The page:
She says that working alongside the judges–pop stars Joe Jonas and Becky G, and choreographer Sean Bankhead – has helped expand her artistry. “Joe was really more about the vocal quality and the timber and Becky was really about the passion of [the song] and being convinced this was something you believed in,” she says. “And what was really great about [our choreographer] Sean is that obviously he’s a choreographer to the stars – Lil Nas X, Normani – but he didn’t only focus on choreo, he focused on stage presence, he focused on the overall message of the song. And I think all those critiques week to week helped us hone in on what we wanted to be saying with our next song.”

As her star rises, it’s been both her Muslim faith and her friends, whom she calls “The Glasses Gang” (“because none of us can see!”), that continue to ground her. “The Muslim and the Muslima community have really gone hard [supporting me] and all these people have come together and I truly appreciate them,” Amira says. “I have just been flooded with DMs and emails and texts from [young muslim kids] people who have just been so inspired,” she says. “People who have said they have never seen anything like this, that I embody a lot of the style that they wanted to see and that the message hit them, which is really the most important thing to me.”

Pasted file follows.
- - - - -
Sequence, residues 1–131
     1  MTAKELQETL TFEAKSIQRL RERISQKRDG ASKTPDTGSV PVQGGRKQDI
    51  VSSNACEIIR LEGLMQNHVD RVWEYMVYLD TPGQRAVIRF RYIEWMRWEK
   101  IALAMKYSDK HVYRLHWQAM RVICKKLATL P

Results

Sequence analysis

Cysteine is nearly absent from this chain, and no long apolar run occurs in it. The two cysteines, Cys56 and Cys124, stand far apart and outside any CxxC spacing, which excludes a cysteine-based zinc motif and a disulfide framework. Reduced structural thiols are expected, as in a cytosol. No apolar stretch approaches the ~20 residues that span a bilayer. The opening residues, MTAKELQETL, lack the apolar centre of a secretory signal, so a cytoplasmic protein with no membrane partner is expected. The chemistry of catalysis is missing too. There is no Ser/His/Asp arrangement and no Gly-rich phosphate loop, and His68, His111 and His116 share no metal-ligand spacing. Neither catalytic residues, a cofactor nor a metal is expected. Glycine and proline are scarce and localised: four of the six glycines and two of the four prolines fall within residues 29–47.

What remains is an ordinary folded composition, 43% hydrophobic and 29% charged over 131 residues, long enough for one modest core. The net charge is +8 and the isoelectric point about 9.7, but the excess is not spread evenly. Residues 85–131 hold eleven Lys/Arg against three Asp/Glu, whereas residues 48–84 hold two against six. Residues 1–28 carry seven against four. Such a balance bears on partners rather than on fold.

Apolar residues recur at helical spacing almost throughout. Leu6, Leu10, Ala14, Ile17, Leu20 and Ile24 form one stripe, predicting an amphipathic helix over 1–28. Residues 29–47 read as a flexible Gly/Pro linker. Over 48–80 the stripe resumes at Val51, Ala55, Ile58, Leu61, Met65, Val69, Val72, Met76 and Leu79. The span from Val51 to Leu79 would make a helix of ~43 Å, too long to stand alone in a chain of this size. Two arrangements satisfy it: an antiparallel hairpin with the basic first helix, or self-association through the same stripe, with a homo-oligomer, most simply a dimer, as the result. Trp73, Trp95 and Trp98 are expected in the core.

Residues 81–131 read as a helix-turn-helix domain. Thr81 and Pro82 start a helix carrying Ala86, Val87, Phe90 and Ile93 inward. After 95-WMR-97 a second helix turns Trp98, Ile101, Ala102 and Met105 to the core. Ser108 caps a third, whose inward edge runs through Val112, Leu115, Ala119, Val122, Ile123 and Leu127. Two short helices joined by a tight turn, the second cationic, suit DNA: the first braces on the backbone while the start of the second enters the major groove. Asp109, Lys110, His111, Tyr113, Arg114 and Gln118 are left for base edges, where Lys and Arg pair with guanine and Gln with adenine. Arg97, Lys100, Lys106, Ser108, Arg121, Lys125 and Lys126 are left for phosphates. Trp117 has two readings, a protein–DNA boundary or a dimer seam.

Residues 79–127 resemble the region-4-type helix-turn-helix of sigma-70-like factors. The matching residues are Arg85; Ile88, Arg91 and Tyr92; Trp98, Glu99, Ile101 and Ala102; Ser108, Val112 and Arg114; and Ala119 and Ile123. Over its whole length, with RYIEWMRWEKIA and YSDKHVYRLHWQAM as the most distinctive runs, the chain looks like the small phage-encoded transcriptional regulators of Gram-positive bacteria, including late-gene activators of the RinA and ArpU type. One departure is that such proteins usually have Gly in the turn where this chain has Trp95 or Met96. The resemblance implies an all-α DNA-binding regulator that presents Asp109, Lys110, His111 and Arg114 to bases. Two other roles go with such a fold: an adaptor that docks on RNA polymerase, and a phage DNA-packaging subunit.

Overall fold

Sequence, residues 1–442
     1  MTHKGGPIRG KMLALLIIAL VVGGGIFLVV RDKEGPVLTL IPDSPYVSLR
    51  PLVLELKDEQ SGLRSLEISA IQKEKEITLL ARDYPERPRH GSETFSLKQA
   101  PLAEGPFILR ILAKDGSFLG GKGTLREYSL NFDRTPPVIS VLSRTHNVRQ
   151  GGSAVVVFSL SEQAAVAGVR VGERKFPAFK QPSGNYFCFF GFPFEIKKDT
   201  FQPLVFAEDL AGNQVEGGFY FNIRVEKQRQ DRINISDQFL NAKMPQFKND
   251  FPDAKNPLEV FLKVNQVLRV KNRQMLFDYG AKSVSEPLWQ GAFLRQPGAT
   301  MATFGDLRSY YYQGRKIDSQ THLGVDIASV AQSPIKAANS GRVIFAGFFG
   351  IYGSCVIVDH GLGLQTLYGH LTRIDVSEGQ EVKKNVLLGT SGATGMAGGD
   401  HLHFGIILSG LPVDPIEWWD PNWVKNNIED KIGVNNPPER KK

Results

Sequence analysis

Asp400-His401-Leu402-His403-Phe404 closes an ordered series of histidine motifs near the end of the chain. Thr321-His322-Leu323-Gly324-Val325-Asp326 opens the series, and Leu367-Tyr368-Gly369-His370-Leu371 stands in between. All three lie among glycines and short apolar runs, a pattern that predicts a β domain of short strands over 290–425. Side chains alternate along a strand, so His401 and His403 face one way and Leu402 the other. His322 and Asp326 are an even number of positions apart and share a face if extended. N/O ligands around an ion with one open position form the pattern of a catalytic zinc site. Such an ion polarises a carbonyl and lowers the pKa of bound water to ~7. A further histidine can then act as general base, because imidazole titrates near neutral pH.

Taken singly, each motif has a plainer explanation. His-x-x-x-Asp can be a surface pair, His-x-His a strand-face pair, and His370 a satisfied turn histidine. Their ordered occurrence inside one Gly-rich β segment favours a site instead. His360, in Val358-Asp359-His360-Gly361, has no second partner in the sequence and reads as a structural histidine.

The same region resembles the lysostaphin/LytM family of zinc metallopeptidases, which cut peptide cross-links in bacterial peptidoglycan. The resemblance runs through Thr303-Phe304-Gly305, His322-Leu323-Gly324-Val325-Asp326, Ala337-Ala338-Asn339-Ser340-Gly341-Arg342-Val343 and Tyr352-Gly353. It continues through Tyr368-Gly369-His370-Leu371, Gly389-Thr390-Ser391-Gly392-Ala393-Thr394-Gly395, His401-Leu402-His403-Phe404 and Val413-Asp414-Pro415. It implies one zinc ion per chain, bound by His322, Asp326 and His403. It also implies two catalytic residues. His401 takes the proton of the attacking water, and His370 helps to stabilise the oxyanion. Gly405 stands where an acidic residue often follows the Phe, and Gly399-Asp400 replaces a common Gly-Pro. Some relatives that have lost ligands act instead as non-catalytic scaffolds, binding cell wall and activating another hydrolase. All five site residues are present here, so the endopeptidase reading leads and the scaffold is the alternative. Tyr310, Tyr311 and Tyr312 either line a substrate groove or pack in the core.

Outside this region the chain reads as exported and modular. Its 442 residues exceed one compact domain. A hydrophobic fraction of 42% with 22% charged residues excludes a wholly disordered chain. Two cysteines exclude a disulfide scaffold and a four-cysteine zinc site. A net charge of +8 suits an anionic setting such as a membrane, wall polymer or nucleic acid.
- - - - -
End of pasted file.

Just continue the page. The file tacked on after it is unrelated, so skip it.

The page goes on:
A Black woman wears a long, salmon pink hijab, black outfit and pink boots, smiling down at the camera with her arm outstretched to it.

Amira Unplugged

Amira Unplugged / MTV

Throughout the show’s production, she was able to continue to uphold her faith practices with the help of the crew, such as making sure her food was halal, having time to pray, dressing modestly, and working with female choreographers. “If people can accept this, can learn, and can grow, and bring more people into the fold of this industry, then I’m making a real difference,” she says.

Though she didn’t win the competition, this is only the beginning for Amira. Whether it’s on Becoming a Popstar or her videos online, Amira has made it clear she has no plans on going anywhere but up. “I’m so excited that I’ve gotten this opportunity because this is really, truly what I think I’m meant to do.”